After adjusting the handlebar height (with the quick release lever), I eagerly pushed off to get moving, but pressing the throttle didn’t seem to work…
but a hard slap on the forehead and a sheepish look around to make sure nobody was looking helped remedy the situation (I’d forgotten to turn it on. Genius.)
Being that the on/off button was on the base of the steering column, I stepped off to turn it on. After seeing the battery levels light up, I got back on and pushed off once more and pushed the throttle – and away we went!
HIGH SPEEDS AND BATTERY LIFE
Controlling your speed is a lot like driving a car. Once you engage the throttle, the speed will increase the more you press it down. Your first impulse will be to push all the way – but you’ll quickly ease off as you whiz past people, cars and other objects that might cause an accidental knee-capping or other accident. For a city ride, this Razor product’s top speed of 15 mph on its 8 inch tires is faster than any manual kick-scooter by far.
If you insist on moving at this speed, you’ll get around 40 minutes of operation before the battery runs out of power. Razor recommends a weight limit of 176 lbs (76 kg) to get you this many minutes, but don’t let it stop you if you should carry more weight than that – just know that your range will be lower than 40 minutes (and the opposite would be true for those with less weight.)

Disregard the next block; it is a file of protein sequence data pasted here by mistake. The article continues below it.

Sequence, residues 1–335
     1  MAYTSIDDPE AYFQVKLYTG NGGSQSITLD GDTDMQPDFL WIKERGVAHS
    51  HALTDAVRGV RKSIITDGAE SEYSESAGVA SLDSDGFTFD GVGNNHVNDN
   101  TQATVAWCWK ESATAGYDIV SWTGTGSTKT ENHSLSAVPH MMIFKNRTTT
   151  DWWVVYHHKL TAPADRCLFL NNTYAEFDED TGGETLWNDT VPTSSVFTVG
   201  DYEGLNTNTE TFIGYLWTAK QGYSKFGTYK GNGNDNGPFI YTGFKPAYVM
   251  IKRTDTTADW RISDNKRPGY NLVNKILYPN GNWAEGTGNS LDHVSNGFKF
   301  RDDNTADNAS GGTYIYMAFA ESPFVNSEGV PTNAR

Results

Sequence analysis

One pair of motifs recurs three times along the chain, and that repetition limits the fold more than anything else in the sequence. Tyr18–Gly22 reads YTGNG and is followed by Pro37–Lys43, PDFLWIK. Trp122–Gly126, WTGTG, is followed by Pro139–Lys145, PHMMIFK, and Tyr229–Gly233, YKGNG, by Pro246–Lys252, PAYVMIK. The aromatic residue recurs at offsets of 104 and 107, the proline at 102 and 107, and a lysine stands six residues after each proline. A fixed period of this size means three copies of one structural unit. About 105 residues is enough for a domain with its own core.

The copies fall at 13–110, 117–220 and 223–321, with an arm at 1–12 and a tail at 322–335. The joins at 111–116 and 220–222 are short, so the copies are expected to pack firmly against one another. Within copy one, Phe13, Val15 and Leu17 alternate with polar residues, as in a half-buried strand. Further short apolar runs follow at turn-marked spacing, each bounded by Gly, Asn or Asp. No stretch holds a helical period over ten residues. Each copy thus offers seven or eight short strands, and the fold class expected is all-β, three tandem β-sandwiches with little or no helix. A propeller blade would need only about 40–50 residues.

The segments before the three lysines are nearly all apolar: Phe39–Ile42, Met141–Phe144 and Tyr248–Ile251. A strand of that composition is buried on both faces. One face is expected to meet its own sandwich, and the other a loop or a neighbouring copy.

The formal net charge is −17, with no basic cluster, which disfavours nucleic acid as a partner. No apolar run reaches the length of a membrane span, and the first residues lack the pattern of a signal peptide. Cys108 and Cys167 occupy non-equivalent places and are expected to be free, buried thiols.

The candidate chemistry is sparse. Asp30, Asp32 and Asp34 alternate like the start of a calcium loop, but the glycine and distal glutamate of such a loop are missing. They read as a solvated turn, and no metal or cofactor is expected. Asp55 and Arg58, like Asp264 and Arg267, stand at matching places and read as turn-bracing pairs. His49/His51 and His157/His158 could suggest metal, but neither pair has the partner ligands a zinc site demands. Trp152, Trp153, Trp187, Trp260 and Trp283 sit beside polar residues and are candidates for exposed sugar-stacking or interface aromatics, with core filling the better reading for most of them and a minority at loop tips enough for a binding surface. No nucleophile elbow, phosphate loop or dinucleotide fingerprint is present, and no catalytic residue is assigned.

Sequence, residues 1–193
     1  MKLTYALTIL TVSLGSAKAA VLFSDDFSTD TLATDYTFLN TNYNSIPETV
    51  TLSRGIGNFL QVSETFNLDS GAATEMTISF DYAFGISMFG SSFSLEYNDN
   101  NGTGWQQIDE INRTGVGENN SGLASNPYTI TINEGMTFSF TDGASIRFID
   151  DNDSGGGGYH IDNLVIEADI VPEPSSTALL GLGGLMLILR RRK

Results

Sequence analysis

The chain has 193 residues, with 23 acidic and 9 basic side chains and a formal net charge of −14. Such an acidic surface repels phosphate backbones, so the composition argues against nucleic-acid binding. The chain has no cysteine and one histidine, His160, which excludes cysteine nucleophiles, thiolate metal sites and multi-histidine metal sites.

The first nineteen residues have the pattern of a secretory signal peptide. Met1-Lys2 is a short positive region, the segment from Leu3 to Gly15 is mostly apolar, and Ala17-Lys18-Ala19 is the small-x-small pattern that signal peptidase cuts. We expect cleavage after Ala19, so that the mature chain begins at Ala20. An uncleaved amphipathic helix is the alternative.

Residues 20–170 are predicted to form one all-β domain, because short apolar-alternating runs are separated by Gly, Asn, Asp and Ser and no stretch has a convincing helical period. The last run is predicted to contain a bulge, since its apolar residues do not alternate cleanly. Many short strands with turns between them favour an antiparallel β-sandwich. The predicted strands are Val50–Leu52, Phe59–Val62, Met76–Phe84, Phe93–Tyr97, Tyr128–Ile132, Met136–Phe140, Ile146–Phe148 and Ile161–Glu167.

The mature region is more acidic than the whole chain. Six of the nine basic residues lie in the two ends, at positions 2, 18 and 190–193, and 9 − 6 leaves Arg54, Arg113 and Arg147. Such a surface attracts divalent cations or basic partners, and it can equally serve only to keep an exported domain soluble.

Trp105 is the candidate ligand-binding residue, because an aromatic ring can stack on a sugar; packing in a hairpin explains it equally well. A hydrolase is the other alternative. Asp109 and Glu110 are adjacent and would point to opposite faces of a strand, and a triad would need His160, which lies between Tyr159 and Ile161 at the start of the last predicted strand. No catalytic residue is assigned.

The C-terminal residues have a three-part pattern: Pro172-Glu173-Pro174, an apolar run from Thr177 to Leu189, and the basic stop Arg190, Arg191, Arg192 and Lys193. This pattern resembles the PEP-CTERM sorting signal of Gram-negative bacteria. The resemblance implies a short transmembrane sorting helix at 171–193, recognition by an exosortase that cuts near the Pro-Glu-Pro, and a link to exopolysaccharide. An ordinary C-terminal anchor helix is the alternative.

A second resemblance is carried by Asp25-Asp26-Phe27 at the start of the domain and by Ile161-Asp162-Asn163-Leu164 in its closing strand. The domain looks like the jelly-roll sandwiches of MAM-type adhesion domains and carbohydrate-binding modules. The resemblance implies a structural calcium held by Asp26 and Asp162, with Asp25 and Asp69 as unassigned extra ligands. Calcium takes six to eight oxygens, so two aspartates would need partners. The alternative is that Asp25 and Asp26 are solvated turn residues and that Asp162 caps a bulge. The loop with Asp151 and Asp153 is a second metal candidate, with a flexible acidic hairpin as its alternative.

When braking, you have two options; the left handbrake (which is a red color), or the foot brake. Both are electronically controlled, but you have more deceleration control with the handbrake, which quickens the rate of stoppage the more you press down. I’ve found that using your foot will bring you to a quick and abrupt stop which you should be mentally prepared for.
One thing of note if you’re used to foot braking – it can be a little disorienting using it with the E Prime unit powered off. Since the e-brake is no longer active, you’ll be relying on good-old fashioned friction, which takes longer. So switching back and forth can get confusing.
A video sneak peek of Razor’s newest electric scooter line from Toy Fair 2019